For a 40-something year-old car, the Skyline was surprisingly easy and certainly incredibly fun to drive. Though the 2 litre L20 lacked any real punch down low, it came alive above 5000rpm. The Nissan six bark is a favourite of mine, and it reverberated throughout the entire Hakosuka, punctuated by beautiful pops and bangs on deceleration.

Sure it was no modern day powerhouse, but the little six cylinder felt like a good match to the lightweight chassis, and it allowed me to push the car hard without producing speeds that the underwhelming brakes couldn’t cope with. The lack of power steering was definitely something new to me, but I became accustomed to it very quickly and the whole package felt simple, raw and very much right.

From Lake Yamanaka we headed onto a road that I can only remember being called Route 730, but first we took a detour through a few back roads…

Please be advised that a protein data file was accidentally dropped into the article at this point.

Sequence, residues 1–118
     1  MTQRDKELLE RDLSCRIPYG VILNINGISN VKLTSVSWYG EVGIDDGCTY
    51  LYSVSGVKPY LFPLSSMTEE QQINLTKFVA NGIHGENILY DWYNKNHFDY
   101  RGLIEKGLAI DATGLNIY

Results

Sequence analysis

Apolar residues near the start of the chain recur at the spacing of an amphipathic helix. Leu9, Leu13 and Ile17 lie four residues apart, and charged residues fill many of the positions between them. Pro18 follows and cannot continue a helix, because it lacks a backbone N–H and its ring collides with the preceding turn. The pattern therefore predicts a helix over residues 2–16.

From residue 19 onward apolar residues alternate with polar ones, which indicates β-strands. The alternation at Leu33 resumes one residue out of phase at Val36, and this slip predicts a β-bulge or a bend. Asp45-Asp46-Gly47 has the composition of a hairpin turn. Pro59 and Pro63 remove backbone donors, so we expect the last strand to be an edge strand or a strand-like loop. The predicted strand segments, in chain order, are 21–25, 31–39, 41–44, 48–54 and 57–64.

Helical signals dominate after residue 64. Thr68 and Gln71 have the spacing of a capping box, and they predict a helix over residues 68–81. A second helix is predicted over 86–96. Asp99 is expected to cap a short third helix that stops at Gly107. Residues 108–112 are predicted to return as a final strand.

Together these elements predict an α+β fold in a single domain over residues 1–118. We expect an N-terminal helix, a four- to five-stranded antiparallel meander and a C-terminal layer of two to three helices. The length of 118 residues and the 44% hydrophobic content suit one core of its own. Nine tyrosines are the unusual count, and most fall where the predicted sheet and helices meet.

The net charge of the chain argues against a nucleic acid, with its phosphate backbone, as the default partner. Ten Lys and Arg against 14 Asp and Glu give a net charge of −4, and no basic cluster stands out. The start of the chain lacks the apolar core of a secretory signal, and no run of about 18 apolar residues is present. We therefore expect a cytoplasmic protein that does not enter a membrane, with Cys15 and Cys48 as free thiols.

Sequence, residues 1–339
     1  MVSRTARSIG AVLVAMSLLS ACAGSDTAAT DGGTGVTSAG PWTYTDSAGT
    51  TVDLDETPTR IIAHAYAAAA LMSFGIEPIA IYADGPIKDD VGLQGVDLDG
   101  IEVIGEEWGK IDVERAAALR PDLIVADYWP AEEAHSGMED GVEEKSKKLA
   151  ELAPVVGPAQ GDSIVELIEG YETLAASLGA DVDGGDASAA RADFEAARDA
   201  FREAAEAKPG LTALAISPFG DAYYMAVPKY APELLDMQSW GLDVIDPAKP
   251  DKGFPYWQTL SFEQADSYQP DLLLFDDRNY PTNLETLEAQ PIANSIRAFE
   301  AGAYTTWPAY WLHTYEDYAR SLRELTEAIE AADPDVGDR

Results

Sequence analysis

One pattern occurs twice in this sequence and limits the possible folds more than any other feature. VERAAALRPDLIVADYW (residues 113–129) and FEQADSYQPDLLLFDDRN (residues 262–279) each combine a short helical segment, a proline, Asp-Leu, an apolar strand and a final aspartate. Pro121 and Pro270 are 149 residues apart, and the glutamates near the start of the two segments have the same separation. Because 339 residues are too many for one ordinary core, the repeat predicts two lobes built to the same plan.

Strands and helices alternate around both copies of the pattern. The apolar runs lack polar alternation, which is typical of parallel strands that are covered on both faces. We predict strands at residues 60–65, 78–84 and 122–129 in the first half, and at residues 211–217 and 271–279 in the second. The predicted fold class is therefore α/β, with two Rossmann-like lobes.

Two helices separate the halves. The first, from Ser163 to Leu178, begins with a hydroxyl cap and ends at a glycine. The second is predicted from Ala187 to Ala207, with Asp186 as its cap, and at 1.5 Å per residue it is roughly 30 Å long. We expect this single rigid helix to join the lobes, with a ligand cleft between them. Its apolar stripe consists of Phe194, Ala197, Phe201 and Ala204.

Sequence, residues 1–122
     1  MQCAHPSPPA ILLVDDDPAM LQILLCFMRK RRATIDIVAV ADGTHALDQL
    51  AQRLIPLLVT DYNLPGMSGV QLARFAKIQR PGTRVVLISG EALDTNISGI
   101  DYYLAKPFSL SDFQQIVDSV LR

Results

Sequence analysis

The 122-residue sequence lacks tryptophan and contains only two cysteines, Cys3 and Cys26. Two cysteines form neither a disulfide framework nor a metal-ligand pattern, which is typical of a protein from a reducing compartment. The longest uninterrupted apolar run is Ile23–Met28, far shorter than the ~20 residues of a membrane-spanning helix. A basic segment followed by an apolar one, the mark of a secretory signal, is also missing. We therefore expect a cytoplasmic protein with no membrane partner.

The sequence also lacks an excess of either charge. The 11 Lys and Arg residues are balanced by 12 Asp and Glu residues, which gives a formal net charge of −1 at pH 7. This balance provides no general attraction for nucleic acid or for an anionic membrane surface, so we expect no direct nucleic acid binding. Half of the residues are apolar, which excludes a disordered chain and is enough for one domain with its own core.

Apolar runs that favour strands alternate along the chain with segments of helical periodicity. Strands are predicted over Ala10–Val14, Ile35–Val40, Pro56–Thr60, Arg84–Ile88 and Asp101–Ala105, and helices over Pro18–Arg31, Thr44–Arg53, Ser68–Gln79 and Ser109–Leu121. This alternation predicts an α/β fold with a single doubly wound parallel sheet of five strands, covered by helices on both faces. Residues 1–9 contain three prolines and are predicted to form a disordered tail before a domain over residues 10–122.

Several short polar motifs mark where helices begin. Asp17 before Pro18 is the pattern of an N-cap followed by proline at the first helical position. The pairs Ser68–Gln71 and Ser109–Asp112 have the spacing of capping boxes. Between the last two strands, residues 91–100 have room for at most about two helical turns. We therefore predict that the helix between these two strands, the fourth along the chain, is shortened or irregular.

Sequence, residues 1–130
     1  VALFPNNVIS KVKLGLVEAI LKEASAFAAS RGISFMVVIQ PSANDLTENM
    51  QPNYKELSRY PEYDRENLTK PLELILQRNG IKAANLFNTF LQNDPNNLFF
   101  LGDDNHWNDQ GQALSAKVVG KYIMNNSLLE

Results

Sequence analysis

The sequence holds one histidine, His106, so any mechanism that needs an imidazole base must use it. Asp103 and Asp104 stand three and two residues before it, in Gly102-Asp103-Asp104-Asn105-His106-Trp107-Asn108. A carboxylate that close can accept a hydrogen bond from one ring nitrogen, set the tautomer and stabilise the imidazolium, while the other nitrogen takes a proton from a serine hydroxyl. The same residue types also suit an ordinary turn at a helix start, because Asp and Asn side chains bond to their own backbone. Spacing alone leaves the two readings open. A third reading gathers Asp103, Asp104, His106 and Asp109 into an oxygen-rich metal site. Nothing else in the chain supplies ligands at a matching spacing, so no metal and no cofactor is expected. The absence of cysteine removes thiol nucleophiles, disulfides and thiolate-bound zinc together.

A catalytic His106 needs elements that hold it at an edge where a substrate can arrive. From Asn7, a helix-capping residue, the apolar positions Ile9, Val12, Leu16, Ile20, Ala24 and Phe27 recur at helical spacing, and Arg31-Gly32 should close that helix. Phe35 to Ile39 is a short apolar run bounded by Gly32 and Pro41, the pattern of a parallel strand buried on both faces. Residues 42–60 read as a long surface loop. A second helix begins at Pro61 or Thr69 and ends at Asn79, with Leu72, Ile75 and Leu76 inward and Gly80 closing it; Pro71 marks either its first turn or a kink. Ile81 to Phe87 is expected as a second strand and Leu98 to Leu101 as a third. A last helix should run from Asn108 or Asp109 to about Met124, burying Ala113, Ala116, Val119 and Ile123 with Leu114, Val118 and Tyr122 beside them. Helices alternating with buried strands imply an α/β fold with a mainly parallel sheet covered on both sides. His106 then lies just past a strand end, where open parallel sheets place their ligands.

… continuously stopping to take in the beauty of the stunning C10 chassis on its classic Watanabe RS wheels.

I’ve always thought that this would be the only other classic Japanese car I would like to own one day, and spending time with this car definitely confirmed that for me.

I really can’t give any other reasoning apart from that I think it’s beautiful; it’s aggressive but still has a classy feel about it, and when combined with the vintage Nissan powerplant, nothing sums up the appeal of nostalgic Japanese automobiles better!

The raked trunk lid spoiler and bolted-on overfenders (although I think I prefer front and rear fenders) are both styling cues that appeal to me very much, and are definitely features I would like to implement on a two-door C10 hardtop of my own one day. But enough admiring, back to driving!

We headed up what I thought was a particularly windy section of road uphill but as it turned out, that was nothing…

… in comparison to the downhill.

Even Initial D couldn’t prepare me for how awesome this road was going to be – I can see why there have been various manga and anime series made about mountain passes in Japan like this!